The end of contemporary historyIt is no accident that the world’s fate in the 21st century will be decided in its oldest democracy
I cannot recall a time during the past 75 years when there has been such a massive accumulation of major and minor shocks. The world today is dealing with intensifying climate change, a pandemic, major wars, surging inflation, disruptions to international trade and supply chains, and acute food and energy shortages.
A significant share of this turmoil stems from new (and renewed) rivalries between major powers. This has had highly visible and chaotic consequences, epitomised by Russia’s war of aggression in Ukraine. One does not have to be a prophet of doom to foresee that the conflict will be one act in a longer tragedy. In East Asia, China’s claim to Taiwan also threatens to lead to military escalation. And in the Middle East, Iran’s ongoing nuclear programme could all too easily trigger a major military conflict.
In short, we are witnessing the denouement of the Pax Americana that underpinned international relations for more than 70 years following World War II. After emerging as the victor in both of the 20th century’s world wars, the United States went on to win the ensuing Cold War. During that time, it guaranteed peace and stability in Europe—which had been left largely destroyed in 1945—and laid the foundations for new multilateral systems of trade and international law, established under the umbrella of the United Nations, whose membership expanded as a result of decolonisation. But with the rise of China and others, Pax Americana—which certainly wasn’t perfect—has given way to a more multipolar reality.
Particularly since the start of this century, the world economy has been undergoing a fundamental technological transformation. Digitalisation and artificial intelligence are radically restructuring advanced economies and rebalancing political power globally. Since the 2008 financial crisis, global conditions have become more chaotic, revealing fatal flaws in Western assumptions. Europe succumbed to the illusion that an energy partnership with Russia would secure peace and stability on the continent. And US leaders mistakenly believed that China’s inclusion in the World Trade Organization and other multilateral arrangements would inevitably lead to its democratisation.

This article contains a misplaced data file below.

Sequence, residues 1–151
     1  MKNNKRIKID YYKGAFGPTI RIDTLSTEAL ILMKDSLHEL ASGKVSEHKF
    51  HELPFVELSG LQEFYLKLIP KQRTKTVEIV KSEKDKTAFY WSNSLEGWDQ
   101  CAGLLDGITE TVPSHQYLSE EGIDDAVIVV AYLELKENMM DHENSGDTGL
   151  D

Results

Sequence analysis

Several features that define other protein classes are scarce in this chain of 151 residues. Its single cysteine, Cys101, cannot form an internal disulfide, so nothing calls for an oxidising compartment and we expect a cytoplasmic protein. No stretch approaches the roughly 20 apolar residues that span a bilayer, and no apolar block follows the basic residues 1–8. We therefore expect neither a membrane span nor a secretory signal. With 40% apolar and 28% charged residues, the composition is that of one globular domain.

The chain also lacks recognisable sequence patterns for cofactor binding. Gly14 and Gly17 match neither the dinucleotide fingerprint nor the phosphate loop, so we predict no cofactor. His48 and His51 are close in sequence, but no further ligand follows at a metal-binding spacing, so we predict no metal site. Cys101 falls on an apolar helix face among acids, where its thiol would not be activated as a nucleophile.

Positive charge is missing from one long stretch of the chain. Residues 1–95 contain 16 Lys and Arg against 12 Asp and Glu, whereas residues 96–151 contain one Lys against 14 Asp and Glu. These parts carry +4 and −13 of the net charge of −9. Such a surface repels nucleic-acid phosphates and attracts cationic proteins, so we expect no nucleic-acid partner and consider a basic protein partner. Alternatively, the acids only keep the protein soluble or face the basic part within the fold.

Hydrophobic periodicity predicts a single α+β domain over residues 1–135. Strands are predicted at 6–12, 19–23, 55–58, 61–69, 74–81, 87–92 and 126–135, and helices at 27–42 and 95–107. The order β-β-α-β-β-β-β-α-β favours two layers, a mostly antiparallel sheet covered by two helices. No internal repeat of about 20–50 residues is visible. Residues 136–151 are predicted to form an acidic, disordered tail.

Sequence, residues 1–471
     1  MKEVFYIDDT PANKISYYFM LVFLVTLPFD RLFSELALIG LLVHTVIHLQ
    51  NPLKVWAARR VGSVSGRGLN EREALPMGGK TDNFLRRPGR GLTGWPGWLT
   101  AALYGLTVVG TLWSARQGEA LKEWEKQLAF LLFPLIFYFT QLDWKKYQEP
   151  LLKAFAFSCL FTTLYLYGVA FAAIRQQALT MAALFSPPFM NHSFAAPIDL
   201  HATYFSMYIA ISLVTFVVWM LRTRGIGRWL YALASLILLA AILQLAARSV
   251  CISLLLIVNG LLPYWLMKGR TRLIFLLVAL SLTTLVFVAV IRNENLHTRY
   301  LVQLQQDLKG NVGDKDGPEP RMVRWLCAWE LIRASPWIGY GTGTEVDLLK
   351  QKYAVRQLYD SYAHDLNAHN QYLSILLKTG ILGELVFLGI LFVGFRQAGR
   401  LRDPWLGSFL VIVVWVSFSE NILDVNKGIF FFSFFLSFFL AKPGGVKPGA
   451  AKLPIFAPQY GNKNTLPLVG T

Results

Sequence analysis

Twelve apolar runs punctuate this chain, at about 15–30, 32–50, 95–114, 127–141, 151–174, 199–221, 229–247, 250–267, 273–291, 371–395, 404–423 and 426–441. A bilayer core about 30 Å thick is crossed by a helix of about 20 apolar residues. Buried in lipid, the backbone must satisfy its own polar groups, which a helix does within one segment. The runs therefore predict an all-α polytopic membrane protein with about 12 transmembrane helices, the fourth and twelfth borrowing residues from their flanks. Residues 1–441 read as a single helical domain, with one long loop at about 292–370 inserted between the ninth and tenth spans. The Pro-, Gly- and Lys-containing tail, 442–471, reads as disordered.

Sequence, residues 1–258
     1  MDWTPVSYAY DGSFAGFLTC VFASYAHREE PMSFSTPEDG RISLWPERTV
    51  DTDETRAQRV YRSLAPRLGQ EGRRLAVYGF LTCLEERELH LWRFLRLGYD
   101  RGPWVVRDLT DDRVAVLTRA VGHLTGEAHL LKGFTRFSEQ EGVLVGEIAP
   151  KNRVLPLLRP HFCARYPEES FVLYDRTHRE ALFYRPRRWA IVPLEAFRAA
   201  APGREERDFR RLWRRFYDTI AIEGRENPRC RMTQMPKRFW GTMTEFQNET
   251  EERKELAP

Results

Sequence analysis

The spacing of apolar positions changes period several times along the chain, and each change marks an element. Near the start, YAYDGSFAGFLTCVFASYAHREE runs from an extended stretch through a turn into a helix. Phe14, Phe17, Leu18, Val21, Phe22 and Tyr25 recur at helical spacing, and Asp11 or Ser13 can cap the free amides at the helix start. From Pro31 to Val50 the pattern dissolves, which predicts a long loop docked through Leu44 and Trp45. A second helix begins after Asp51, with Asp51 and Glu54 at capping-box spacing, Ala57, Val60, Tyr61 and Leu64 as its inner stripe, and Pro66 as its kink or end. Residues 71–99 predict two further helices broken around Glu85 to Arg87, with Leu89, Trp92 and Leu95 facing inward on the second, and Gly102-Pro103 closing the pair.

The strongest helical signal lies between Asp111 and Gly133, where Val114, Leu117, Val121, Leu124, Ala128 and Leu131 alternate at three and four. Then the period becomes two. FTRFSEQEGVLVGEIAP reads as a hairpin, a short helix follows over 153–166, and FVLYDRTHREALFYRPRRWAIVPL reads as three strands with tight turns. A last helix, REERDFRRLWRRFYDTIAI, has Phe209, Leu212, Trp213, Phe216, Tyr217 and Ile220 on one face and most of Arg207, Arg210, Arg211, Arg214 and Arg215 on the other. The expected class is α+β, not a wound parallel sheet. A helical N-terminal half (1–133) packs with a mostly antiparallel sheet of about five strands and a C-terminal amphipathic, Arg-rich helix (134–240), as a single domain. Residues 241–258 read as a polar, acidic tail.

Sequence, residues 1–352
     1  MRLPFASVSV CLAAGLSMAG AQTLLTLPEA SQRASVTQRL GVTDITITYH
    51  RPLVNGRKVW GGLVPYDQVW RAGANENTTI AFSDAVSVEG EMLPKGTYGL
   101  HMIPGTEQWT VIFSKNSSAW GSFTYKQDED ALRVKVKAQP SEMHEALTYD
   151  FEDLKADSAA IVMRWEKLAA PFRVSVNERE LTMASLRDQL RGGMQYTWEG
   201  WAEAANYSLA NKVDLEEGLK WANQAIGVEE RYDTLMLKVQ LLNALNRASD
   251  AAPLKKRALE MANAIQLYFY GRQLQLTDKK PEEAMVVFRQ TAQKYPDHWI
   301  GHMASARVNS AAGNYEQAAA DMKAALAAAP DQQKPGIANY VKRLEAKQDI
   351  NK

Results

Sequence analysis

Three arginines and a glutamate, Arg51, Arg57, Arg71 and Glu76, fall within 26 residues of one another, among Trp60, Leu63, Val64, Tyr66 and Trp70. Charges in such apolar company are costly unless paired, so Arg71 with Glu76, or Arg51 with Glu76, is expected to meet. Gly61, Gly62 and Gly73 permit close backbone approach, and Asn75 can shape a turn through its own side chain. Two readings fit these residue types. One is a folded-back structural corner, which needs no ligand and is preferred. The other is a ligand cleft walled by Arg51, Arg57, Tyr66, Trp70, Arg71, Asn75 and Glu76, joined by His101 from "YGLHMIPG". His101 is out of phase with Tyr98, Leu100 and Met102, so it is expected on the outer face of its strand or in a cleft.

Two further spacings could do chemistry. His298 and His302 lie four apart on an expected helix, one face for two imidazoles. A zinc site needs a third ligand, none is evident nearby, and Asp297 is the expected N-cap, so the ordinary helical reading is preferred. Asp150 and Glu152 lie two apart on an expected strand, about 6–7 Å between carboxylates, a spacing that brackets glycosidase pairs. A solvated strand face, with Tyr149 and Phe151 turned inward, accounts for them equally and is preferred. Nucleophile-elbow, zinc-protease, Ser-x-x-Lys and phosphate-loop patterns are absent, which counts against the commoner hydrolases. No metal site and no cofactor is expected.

In both cases, Western leaders were blind to Russian and Chinese leaders’ strategic intentions and objectives. They were so confident in the universal attractiveness of their own civilisational models that they failed to anticipate the political consequences of the economic dependencies they had accepted. The bill for this naiveté is now coming due, and it will be large.
China has quickly become a technological rival to the West, and particularly to the US, which is not something that the Soviet Union could ever claim, even at height of the “Sputnik shock.” It remains to be seen where this new phase of systemic global competition will lead; but it is safe to say that China will be a tough nut to crack. Moreover, the new great-power contest will be fought out under completely new global conditions. Covid-19 and climate change have fundamentally altered the global economic and political calculus and will continue to do so.
If humanity fails to reduce greenhouse-gas emissions at the pace necessary to keep global warming in check, it will be heading into an era of irreversible and potentially uncontrollable global crises. Worse, owing to the new global competitive dynamics, major powers will head in the direction of intensified confrontation, even though the challenges we face demand closer cooperation. This is the real tragedy of Russian President Vladimir Putin’s war: Beyond its wanton destruction and unspeakable human suffering, the Ukraine crisis is costing humanity precious time that it does not have.
One last crisis should be mentioned here. Amid all the global chaos, the US also has deep domestic problems that cast doubt on its future as a stable, functioning democracy. On January 6, 2021, the country experienced its first-ever coup attempt. As the House January 6 Committee has shown, Donald Trump sought to overturn the 2020 election by intimidating state election officials, arranging for “fake” Electoral College slates, and ultimately inciting a violent mob to storm the US Capitol. Will American democracy prove resilient enough to prevent something like this from happening again, or will Trump or a Trump-like figure succeed where the January 6 “trial run” failed?
That question will be decisive, not only for the US and its democracy, but also for its allies and the future of humanity more broadly. The 2024 presidential election may be the first one ever to have direct civilisational and planetary consequences. It is no accident that the world’s fate in the 21st century will be decided in its oldest democracy, and in the country that has underwritten the international order for the past 75 years.